The Paris Broke Mommy Show

My husband Michael is leaving today. Last night I was crying on his shoulder saying, 

"Don't leave me alone with these mean people!"

Now, that was after I was almost arrested in the Paris Metro, because I couldn't produce my used ticket. Or rather, I gave the ticket in my back pocket to the Metro Policeman, he said something I didn’t understand and pulled me aside, asking me to pay 35 Euros for not having a ticket. 

Paris Needs a Xanax

Within just a few hours of being in Paris, everything changed – and I don't mean just the language and the landscape. Once off the train, a surprisingly relaxing six and a half hour TGV to Gare de Lyon, we all went from being peaceful to on edge almost instantly.

In the taxi, where the unfriendly driver didn't warm to me despite my grammatically correct statements about the weather and the traffic, the boys were making up jokes and laughing. They suddenly sounded very loud. When I told them to keep it down, I noticed that it was the first time I had hushed them in days.

Metallic Barcelona Nights

We walked home tonight after schlepping through the city in search of a kids official Barcelona team travel jersey in a medium (sold out everywhere), and I saw a band setting up at the mouth of the Passeig del Born near our apartment. We heard the familiar baseline to Rock Lobster as the band warmed up, and Maxon got excited to hear one of his favorite songs.

And while I prepared dinner, the band started playing. Heavy Metal. Why, Barcelona Committee of Block Parties, did you choose a metal band? And why, Barcelona Metal Band, are you playing a set longer than Springsteen's?

Camp Europe

School is out and the boys aren't at camp.

I know a few things: The boys don't really love camp – especially Maxon, who requested a camp-free summer. Neither want overnight camp, and we're in no hurry to send them (yes I'm sure we're Jewish). Ezra enjoys a sports-specialized week here and there, but they don't dig on the general day camp, which makes paying for it especially painful. For the past few years I've scheduled, coordinated and chauffeured week-long camps for each kid during the months of June and July, and found that there isn't enough Xanax in the tri-state area to make that tolerable.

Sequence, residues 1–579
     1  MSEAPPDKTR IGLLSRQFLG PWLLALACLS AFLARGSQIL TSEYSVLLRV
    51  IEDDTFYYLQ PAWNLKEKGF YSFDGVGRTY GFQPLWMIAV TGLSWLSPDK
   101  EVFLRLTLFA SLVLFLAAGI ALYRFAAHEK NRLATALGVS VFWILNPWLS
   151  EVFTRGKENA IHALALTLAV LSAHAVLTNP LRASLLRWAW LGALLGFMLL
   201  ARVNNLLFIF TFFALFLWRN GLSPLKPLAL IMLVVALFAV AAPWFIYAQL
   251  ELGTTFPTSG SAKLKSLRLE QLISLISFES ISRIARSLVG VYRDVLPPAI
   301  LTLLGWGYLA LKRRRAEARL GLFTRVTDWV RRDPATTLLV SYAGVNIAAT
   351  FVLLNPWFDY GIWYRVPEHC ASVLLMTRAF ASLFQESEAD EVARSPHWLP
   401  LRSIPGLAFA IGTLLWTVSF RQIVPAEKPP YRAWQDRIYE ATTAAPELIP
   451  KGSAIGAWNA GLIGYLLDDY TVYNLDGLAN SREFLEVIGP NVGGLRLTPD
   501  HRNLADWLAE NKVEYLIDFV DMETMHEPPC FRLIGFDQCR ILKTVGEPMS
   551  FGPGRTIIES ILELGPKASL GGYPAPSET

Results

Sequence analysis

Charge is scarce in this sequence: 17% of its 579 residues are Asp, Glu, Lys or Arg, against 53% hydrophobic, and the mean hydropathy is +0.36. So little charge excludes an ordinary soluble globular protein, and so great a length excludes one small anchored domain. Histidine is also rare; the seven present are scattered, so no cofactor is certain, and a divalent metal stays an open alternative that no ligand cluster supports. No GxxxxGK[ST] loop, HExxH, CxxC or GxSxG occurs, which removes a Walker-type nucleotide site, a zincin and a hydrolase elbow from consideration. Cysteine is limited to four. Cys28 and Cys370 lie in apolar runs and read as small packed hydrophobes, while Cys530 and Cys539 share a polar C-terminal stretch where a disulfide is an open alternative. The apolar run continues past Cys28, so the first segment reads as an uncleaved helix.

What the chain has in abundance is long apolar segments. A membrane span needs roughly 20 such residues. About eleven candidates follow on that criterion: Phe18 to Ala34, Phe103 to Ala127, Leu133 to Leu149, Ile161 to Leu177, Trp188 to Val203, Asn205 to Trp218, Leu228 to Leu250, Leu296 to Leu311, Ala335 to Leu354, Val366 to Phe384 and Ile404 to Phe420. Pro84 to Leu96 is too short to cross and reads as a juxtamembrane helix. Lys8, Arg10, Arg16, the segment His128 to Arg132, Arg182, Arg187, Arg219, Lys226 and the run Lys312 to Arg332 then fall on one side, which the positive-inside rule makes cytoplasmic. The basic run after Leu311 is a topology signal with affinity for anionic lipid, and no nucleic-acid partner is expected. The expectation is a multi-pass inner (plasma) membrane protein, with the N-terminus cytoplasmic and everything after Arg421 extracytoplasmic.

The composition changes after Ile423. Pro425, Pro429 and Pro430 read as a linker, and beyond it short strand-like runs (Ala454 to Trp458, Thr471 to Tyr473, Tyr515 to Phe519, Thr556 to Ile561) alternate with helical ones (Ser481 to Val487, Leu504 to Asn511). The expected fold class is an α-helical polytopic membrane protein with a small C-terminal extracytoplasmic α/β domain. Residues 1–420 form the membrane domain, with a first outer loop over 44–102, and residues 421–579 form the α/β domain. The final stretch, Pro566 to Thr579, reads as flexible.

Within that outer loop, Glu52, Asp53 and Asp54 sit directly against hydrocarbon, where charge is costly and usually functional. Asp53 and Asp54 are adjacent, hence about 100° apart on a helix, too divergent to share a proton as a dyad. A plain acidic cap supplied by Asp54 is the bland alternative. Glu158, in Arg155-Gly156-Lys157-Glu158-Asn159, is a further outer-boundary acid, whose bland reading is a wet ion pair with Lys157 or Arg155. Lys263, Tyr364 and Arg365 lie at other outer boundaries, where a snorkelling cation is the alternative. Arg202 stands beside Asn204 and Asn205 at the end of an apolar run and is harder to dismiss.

Free Range in the City

Since the weather broke, we've been allowing Maxon, who is 11, and Ezra, who is 8, to ride their bikes and scooters around our neighborhood just south of Center City. I set boundaries, which includes the playground up the street. In the afternoons I can see them see them whiz past the kitchen windows as I'm cooking dinner, a blur of hoodies and hair, and I remember what it was like to speed through my mother's suburban neighborhood unsupervised, as I often did because helicopter parents didn't yet exist.

Getting Carried Away

Last night, Ezra stood on the sofa, arms outstretched for what he calls his Carry. He asked me which one was my bad shoulder, and he settled into my arms for his nightly ride up the stairs. Every night I carry his 62-pound, giraffe-limbed body up the one flight of stairs to his bedroom.

One of these nights – maybe even tonight – will be the last time we do The Carry.

The Bedtime Lie

Let's discuss the lie of bedtime.

The tranquil still-life of aGoodnight Moon lie.

The sweet-faced babe nodding off as you close the bedroom door while tiptoeing lie.

The child who moves from the car to the bed without waking up lie.

Because we all know what really happens at bedtime. There are no hushes or whispers or kittens or crickets, and there is nothing tranquil or sweet or still life about it.

A Lesson in Lashon Hara

Maxon came home from school one day with a tale of a fight between some kids in his class. He told me what he heard happened, who was injured and how badly, who was punished and how severely. 

The next day, Maxon learned the truth from the teachers, and it wasn't a surprise to me that the two stories didn't match up.

"It didn't happen the way everyone said it did, huh?" I asked Maxon.


"That is gossip," I said (sadly not in an Irish accent like Philip Seymour Hoffman in "Doubt"). "In Hebrew we call it lashon hara."

Lashon hara, the evil tongue, is considered a weighty sin in Judaism – bad enough for God to saddle you with a nasty skin disease and banish you for a week, which is what happened to Miriam when she dissed her brother for marrying a Cushite. 

Cursed Childhood

For the third night of Chanukah, I took Maxon to see one of his favorite comedians, John Mulaney. I would say that Mulaney is rated PG-13 for mild language and mature situations. But the comedian who opened for him, Seaton Smith, was definitely rated R.

Now, just like I don't expect to see Sin City: A Dame to Kill For and Dracula Untold movie trailers before Guardians of the Galaxy (I'd like to have a word with you, Walt Disney Studios), I don't expect the opener for a PG-13 comedian to tell jokes about tuchus schtupping.